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  • New Era of Digital Resilience in the Heart of the European Union

    To address increasing cyber challenges, the European Union introduced the Digital Operational Resilience Act (DORA). It is a crucial component of the EU’s digital finance package. The aim of this innovative legislation is to strengthen the digital resilience of the European financial market, particularly against information and communication technology (ICT) threats.

    DORA. ICT Risk Management

    DORA stresses the duty of financial institutions’ management bodies to ensure digital operational resilience. It mandates them to create extensive ICT risk management systems for identifying, assessing, managing, and monitoring ICT risks. This regulation compels financial companies to follow stringent standards to safeguard their IT systems against disruptions and cyber-attacks.

    Legal Aspects and ICT Service Providers

    DORA sets specific criteria for contracts with third-party ICT service providers. Financial institutions are required to rigorously assess and manage risks from these providers. This involves categorizing current contracts, defining target requirements, performing gap analyses, and addressing identified gaps.
    The regulation changes how companies and their management view ICT-related responsibility and risk. It necessitates reviews and potential adjustments in insurance coverage.

    ICT Incident Reporting

    DORA unifies the requirements for reporting major ICT incidents in the EU financial sector. Its goal is to enhance incident response and foster cooperation between national and European authorities. DORA sets standard procedures for monitoring, classifying, and reporting ICT incidents to the appropriate authorities, essential for rapid response and reducing the impact of cyber-attacks.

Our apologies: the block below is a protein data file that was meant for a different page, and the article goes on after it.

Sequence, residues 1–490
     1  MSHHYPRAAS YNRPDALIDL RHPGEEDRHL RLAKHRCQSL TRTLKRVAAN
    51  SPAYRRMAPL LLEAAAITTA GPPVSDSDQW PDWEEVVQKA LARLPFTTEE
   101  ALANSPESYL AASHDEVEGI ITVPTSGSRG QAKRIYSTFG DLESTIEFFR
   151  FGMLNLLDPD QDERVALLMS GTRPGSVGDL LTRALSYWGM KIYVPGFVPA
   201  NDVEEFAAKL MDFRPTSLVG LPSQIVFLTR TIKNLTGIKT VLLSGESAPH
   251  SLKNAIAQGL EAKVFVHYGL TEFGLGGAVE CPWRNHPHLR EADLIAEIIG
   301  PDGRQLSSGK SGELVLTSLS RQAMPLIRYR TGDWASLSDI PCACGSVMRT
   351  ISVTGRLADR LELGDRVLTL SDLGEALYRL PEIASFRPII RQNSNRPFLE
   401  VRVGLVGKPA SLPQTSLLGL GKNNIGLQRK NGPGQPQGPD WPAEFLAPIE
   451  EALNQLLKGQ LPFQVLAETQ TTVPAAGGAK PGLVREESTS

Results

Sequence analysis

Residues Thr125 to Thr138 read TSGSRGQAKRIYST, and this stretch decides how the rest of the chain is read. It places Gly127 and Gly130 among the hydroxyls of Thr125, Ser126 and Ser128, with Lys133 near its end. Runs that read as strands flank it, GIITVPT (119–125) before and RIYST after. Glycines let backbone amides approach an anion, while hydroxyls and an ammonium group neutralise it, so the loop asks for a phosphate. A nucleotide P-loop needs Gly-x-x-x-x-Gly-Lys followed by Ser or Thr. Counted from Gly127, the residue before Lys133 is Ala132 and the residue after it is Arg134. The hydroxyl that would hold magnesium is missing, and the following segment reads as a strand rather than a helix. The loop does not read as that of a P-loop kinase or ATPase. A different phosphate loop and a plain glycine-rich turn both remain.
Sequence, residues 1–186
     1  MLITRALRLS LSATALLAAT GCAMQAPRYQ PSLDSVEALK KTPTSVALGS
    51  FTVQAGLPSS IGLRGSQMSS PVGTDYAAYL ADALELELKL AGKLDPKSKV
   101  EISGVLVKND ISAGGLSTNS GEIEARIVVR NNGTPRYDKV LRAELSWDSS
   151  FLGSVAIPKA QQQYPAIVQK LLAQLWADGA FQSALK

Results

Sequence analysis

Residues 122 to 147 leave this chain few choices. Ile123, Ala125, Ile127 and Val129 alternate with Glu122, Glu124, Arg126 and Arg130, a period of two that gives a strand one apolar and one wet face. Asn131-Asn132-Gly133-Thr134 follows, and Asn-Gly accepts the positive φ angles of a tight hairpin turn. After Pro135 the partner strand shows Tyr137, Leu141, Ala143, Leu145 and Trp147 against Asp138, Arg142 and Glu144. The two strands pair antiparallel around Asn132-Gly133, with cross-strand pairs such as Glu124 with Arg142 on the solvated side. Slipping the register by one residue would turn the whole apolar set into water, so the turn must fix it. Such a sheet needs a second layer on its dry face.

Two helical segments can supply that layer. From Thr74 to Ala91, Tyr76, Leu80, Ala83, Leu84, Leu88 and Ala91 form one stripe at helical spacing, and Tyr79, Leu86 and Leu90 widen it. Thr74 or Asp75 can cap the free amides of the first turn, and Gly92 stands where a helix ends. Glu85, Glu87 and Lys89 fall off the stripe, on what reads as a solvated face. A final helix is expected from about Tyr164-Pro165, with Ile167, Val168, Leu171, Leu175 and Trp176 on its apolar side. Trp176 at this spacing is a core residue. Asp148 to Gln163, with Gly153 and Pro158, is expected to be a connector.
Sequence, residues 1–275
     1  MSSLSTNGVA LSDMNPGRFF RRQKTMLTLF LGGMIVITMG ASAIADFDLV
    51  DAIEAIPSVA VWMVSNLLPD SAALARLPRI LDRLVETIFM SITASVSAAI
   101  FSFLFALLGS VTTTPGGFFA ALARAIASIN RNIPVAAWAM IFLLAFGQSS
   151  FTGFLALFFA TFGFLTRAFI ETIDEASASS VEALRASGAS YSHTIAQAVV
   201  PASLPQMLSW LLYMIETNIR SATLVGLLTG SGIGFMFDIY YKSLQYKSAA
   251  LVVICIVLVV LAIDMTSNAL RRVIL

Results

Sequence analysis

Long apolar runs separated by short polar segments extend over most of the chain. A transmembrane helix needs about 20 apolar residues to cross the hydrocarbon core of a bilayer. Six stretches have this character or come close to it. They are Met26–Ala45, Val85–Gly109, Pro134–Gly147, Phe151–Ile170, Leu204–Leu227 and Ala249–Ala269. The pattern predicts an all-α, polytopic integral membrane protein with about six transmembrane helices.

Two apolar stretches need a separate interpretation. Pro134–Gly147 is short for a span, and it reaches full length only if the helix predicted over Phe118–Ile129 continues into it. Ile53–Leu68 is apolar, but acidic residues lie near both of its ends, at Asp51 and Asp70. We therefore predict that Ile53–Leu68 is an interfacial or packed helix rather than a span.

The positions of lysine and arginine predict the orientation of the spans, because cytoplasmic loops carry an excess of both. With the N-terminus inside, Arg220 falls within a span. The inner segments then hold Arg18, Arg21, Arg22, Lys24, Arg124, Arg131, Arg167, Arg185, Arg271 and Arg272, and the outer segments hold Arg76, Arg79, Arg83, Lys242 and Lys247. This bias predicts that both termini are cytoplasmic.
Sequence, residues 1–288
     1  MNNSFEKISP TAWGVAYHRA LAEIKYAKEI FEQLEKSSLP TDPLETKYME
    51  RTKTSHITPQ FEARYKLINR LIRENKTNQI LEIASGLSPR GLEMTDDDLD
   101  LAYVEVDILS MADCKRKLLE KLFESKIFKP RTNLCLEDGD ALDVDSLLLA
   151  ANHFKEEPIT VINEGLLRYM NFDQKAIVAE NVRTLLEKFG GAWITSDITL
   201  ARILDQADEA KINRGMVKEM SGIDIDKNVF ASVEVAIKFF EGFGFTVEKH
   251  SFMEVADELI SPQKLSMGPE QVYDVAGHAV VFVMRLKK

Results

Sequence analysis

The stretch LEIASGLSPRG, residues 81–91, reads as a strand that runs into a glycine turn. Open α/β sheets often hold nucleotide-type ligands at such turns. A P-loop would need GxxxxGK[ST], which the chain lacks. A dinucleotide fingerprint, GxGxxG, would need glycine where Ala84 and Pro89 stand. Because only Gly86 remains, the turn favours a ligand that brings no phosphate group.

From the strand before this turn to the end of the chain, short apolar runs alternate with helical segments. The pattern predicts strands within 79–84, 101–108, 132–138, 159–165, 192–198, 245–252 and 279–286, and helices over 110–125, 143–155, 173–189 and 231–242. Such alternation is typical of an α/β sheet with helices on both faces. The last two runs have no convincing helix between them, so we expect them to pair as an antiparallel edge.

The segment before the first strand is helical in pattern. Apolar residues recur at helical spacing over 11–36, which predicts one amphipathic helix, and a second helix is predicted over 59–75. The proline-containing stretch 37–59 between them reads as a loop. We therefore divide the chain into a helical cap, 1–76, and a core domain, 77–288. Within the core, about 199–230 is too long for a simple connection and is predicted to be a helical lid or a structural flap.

Protection and Prevention Measures

    DORA mandates financial organizations to have ICT systems and processes that can swiftly detect and respond to potential threats. It specifies requirements for processes and systems to rapidly identify and defend against threats. This includes automatic network isolation during cyber-attacks, reducing data loss and system failures, and speeding up the return to normal operations.

    Increased Supervisory Engagement

    Upon the enactment of DORA, national and EU supervisory authorities receive new powers in the area of digital operational resilience. This means increased requirements for companies in terms of assessing and enhancing their ability to deal with operational disruptions. This supervision aims not only to ensure compliance with new regulations but also to improve companies’ ability to assess and strengthen their operational resilience.

    Investment and Development Needs

    The new DORA requirements call for substantial investments in management, risk, and compliance, particularly in ICT, Cyber, and TPRM areas. Companies must perform gap analyses to pinpoint current deficiencies in capabilities, resources, and expertise. These gaps must be addressed within a 24-month implementation period. This poses a challenge for companies, necessitating quick adaptation and development of new competencies to meet evolving regulatory requirements.


    The DORA regulation represents a significant step towards enhancing operational and digital resilience in the European Union’s financial sector. DORA’s comprehensive approach, demanding new investments and engagement across various management levels, holds the potential to serve as a model for global regions in cyber threat protection. The challenge remains the continuous updating and adaptation to a dynamically changing cyber environment.